The meeting was inexpertly chaired by Councillor Sathianesan, whose handling of the room made Theresa May’s conference speech look like an example of measured competence. Councillors at least felt brave enough to openly laugh at his endless cock-ups, but there was no air of rebellion or anger in the room about the London Stadium. It was palpably absent.

Whether the opposition to the Mayor had blown itself out in Labour group meeting is hard to say, but Councillors John Gray (who appeared visibly upset) and Rokhsana Fiaz did at least pose questions about the £52m loss and the competence of the council in matters financial.

Sadly, these questions were never incisive enough to rouse the spirit of rebellion whispered about earlier in the week. Wales batted away Gray’s questions with put-downs about his drafting abilities, while Fiaz was timed out by the Chair.

Wales consistently spoke about how well council tax-payers had done from the deal to lose £52m, citing housing wins, jobs and legacy. This raised some smiles from Wales loyalists, despite these figures not adding up. £52m could, after all, have built 250 council homes.

But most of the chamber stayed silent on the issue. Councillor Corbett seemed more concerned that a greener London initiative may allow middle class tree-huggers to stop the building of homes for the working classes. And they said irony was dead.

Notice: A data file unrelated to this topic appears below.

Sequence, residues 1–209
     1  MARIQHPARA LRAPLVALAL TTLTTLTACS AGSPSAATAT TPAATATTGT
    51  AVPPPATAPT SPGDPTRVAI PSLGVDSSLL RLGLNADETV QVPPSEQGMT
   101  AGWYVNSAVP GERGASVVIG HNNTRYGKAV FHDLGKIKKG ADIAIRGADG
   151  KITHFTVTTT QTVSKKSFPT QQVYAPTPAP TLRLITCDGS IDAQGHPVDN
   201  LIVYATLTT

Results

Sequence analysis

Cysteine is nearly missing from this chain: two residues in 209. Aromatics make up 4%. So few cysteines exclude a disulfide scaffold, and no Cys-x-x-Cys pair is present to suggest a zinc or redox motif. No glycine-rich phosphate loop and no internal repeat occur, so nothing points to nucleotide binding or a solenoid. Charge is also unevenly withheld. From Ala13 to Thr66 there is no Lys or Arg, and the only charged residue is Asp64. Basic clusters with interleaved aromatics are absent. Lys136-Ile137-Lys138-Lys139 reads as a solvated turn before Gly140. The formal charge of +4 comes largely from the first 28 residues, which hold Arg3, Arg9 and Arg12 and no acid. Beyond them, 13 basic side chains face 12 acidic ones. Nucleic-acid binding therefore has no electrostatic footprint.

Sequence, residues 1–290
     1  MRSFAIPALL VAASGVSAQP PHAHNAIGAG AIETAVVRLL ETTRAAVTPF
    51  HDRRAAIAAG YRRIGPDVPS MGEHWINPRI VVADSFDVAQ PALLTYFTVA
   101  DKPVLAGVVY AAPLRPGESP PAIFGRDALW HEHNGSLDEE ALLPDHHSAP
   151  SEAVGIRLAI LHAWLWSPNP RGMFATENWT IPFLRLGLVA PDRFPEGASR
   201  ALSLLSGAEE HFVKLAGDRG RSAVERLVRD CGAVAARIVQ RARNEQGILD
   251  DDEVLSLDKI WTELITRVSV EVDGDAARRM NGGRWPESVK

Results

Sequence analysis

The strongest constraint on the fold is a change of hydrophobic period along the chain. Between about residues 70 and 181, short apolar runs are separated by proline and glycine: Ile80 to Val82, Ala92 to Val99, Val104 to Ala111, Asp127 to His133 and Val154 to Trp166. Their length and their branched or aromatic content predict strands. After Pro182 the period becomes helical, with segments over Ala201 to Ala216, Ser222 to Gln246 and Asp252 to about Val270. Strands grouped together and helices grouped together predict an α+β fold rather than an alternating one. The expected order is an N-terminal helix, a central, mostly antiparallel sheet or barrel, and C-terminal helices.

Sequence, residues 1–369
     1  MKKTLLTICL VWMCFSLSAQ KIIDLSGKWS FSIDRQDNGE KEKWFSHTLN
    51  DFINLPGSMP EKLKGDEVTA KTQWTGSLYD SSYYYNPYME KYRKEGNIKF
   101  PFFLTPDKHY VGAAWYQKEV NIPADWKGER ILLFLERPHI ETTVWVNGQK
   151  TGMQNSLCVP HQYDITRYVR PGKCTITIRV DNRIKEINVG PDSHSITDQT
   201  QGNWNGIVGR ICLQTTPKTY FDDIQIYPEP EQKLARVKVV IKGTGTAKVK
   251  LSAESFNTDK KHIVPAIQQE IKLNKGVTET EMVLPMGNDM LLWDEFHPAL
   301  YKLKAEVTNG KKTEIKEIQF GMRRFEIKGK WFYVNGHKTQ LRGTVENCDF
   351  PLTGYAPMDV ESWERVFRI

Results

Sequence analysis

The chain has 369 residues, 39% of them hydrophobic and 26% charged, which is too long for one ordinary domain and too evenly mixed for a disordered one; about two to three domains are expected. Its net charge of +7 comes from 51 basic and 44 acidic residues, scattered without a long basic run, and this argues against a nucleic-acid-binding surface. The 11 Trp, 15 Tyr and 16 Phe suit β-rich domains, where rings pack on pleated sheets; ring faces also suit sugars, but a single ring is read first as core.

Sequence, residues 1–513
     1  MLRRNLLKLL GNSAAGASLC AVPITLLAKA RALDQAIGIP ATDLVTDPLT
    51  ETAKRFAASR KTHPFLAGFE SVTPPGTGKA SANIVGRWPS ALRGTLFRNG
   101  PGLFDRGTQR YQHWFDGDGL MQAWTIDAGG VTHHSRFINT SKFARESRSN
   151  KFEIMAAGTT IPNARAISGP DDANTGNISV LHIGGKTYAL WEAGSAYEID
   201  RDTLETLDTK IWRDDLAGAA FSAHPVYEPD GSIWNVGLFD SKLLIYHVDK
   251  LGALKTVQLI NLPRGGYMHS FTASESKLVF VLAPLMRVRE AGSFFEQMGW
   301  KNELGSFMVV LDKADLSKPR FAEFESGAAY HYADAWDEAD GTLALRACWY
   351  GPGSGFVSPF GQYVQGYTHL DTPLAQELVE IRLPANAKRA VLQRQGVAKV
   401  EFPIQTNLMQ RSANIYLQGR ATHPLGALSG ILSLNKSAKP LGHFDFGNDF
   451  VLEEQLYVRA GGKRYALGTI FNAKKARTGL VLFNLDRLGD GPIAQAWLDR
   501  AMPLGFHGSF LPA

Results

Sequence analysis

Many Newham council tax-payers will be angry that their elected representatives seemingly did nothing when they had the chance to speak up in public about their concerns over the loss of £52m in yet another failed investment (this one was a ‘sure thing’). They are, it seems, too cowed by the Mayor, too guarded of their salaried positions in the Mayor’s cabinet or too worn down by the dominance of the Wales and his loyalists.

Even MPs Lyn Brown and Stephen Timms have not spoken out about the Mayor’s £52m drop. Don’t expect that to change any time soon.

The Mayor wound up his proclamations on a bright note, promising ‘more to come in the week’ from his signing away the £52m investment. He couldn’t say what it was, but hinted at benefits for Newham residents.

Every Child A West Ham United Season Ticket Holder anyone?